Alia Bhatt and Shahrukh Khan’s 2016 Bollywood film “Dear Zindagi” dealt positively with a taboo topic of sorts — mental health. Kaira escapes her heartbreak and career problems in the big city to visit her parents in the beachy Goa. It doesn’t go so well because her relationship with her family is strained for various reasons. Her insomnia becomes a way to cope with her problems. Enter Dr. Jehangir Khan, an approachable and very chill therapist.
Therapy isn’t usually the most common subject to bring up with your family if you’re a South Asian. There’s a negative connotation attached to it. That’s why Kaira doesn’t tell her family about being in therapy. In a dramatic scene over halfway through the movie, as she’s sitting with her parents and relatives, they discuss her love life. Every kid knows the nightmare this is. No wonder she loses her cool after pointless questions and comparing her with her more “successful” brother. Ready to let out her inner lioness, Kaira yells at all of them, defending her life choices and admitting to being in therapy.
The movie feels relatable most because we can see pieces of ourselves in the protagonist. Her struggles, her dreams, her drama. We’ve gone through it but maybe haven’t had the courage to find a solution like she did. It’s inspiring. Unlike most of the Bollywood movies that come out today.
A limited number of movies in 2016 and 2017 had the ability to inspire. “Neerja,” “Masaan,” “Pink,” “Kapoor & Sons,” “Dangal” in 2016 to name a few. 2017 had rare successes with good films like “Naam Shabana,” “Hindi Medium,” “Lipstick Under My Burkha.” None of these movies made money because not as many people went to see them in the theaters.
The movies that did earn the big bucks are, well, you know the ones, you saw them. The “Kya Kool Hai Hum”s and the “Housefull”s and the “Golmaal”s. The ones that go out on a limb to assume you are a dumb and horny human being willing to follow along a 2-hour story that’s actually not a story at all.
Let’s compare facts. “Masaan” made $160k worldwide, “Dhanak” made $130k worldwide, “Naam Shabana” made $8 million. You would think it’s good enough. “Housefull 3” made almost $28 million, “Prem Ratan Dhan Payo” made almost $32 million. That’s where your hard-earned money has gone, folks. Mindless, misogynistic humor.
I may struggle to understand the appeal of these films but it doesn’t elude me that for many people, it’s a form of an escape. It’s not wrong to want to take a break from the monotony for the sake of hearty laughs. Unfortunately, a lot of these movies don’t qualify even that. What they qualify as is garbage.
Contrary to them are the good films. Let’s look at just “Udta Punjab” or “Aligarh,” both phenomenal for what they were trying to achieve. The goal of the former was to educate the audiences about an ever-increasing drug problem in Punjab. The latter subtly, amazingly shed light on homosexuality through the real-life story of a gay professor at Aligarh University. The censor board’s response to these two films was to simply try and ban them. Yeah, that’s what’ll make the problem disappear, banning a film instead of trying to ban the ACTUAL problem.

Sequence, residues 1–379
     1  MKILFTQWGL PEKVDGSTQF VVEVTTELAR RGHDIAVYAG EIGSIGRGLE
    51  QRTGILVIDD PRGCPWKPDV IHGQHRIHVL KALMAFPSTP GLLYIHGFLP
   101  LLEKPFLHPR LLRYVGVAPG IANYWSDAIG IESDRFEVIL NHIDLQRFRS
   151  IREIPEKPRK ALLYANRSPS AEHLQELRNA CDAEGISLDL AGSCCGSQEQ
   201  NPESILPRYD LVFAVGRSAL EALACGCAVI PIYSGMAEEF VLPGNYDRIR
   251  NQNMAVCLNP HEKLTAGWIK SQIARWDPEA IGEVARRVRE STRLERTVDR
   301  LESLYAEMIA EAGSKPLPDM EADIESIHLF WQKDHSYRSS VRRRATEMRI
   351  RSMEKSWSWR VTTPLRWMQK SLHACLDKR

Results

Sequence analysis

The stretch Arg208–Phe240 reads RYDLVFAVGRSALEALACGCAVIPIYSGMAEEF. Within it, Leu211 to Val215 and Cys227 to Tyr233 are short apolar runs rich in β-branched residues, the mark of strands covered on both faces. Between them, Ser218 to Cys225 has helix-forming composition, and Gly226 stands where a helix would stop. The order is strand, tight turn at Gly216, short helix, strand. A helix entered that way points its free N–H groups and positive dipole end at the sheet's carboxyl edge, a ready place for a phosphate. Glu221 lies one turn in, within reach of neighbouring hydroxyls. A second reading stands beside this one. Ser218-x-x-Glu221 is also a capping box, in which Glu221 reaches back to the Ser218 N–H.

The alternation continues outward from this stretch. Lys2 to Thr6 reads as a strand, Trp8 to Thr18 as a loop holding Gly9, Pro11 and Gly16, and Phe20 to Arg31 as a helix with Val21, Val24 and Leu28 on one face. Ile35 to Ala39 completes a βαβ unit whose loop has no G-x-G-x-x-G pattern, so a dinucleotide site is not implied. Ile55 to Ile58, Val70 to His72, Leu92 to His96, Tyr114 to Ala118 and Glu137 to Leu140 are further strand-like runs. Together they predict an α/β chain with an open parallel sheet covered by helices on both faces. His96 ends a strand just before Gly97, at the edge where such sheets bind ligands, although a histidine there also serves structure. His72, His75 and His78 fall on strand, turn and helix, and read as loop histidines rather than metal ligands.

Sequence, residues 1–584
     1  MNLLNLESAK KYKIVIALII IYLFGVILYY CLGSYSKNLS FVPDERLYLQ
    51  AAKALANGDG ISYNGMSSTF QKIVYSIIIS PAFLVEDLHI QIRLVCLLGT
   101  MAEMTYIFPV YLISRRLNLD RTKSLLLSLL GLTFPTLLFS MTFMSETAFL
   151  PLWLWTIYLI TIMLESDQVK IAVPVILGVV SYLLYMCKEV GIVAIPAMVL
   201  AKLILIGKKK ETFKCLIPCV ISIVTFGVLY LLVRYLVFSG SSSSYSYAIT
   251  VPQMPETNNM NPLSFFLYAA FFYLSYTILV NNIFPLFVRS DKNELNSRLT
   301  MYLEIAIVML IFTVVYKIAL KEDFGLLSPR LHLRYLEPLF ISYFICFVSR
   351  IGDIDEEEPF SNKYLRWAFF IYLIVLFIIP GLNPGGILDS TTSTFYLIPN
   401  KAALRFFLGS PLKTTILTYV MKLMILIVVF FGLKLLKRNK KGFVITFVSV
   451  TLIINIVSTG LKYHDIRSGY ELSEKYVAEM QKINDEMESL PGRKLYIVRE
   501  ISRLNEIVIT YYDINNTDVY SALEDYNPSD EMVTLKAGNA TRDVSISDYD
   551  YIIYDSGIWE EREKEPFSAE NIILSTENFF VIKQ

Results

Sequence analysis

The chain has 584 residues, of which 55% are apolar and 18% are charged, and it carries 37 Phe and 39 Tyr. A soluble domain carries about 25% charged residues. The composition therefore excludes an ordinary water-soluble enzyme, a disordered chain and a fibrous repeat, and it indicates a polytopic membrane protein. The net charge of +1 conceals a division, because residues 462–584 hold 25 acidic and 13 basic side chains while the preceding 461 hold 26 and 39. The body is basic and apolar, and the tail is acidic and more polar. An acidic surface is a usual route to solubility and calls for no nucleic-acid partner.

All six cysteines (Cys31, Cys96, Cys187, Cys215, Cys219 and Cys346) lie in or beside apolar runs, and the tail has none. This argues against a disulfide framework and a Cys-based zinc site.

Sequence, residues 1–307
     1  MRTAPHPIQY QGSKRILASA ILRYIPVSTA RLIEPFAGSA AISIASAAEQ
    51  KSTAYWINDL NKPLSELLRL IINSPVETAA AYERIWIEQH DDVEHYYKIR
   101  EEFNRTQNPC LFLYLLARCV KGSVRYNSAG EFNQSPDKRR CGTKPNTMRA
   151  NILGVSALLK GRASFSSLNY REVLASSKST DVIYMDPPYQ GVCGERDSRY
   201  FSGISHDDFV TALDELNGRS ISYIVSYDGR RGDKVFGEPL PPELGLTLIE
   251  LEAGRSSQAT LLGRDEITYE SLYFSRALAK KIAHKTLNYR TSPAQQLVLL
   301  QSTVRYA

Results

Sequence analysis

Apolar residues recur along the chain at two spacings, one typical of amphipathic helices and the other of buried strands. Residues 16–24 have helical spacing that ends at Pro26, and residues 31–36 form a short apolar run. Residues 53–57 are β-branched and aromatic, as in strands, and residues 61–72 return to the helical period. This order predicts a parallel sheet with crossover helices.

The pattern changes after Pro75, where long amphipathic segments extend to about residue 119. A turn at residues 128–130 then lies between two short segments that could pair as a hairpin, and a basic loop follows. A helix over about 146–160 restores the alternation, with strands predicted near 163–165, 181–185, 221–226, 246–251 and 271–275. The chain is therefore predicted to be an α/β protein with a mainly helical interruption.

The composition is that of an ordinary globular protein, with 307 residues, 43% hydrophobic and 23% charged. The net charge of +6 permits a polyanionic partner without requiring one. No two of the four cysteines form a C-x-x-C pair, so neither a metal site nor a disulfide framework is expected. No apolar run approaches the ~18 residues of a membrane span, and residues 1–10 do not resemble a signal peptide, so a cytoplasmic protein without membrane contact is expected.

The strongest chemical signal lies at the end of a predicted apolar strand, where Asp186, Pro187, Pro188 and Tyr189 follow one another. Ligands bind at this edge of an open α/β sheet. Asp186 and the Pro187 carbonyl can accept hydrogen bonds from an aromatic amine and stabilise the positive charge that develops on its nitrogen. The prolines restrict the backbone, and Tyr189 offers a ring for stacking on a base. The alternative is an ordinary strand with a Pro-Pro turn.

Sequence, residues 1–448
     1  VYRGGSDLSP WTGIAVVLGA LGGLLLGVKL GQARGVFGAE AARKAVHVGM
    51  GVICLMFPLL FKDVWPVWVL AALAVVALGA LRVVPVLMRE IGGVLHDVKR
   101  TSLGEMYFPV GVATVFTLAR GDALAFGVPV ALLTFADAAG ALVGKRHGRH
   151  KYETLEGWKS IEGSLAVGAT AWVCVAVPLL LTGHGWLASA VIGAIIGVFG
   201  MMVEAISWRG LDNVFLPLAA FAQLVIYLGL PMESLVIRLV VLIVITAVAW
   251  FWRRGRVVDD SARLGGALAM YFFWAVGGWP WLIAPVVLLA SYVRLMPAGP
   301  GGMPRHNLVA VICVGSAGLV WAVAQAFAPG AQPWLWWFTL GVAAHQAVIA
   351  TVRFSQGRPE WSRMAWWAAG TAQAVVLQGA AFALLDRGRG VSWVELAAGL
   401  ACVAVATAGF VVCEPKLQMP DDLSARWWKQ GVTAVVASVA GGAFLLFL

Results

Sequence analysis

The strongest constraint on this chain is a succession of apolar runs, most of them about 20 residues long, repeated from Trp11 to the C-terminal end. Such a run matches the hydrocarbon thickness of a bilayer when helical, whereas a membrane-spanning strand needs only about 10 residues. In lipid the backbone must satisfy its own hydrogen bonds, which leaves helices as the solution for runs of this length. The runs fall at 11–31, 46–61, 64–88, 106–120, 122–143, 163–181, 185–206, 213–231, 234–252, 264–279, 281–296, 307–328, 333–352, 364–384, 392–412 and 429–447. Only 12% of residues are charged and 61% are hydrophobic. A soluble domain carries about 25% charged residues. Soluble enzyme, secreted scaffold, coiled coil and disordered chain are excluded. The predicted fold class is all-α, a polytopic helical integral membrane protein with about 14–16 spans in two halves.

Instead, we let our gullible selves be consumed by mediocre and even terrible cinema like “Great Grand Masti,” which still rely on misogynistic, sexist, and cheap humor to attract their viewers. And guess what? They manage to succeed! It says a lot about our double standards as a society if we continue to let everyone involved in making these films thrive. Don’t let a “Hate Story” come in the way of a “Parched,” where expletive scenes and nudity have two different approaches altogether.
It’s not that only small budget movies are the good movies. Bigger hits like “Toilet: Ek Prem Katha,” “Tamasha,” “Airlift” are packed with powerful actors and powerful storytelling. Because most often, big-budget, seemingly fancy films don’t fail us. “Ae Dil Hai Mushkil” and “Jab Harry Met Sejal” had a wonderful cast, blazingly awesome music, and everything that would make it an interesting love story. Nope. It gave us more of the same nonsense that’s been spewing on-screen for the last few years in the name of romance. The former made $37 million, the latter made $18 million.
So who is to blame for this age of mindless comedies? It’s obviously a two-way street. The directors and actors for providing such baseless movies and the audiences for fueling the desire to watch them. We automatically want to laugh at movies and scenes that reduce women to objects. We engross ourselves in films which ridicule homosexuality, disabilities, and other very vital social issues. Bollywood has a responsibility to, at the very least, make cinema that makes it worth our while.
If you want humor, there are lighter movies to rely on. “Chef,” “Simran,” “Bareilly ki Barfi,” “Shubh Mangal Savdhan” are examples of solid slice of life movies from this year that did such a good job telling stories that make sense but inculcate laughs. There might not be a way to stop the large masses from picking films that are crass but there is a way to increase the number of good movies: go watch them!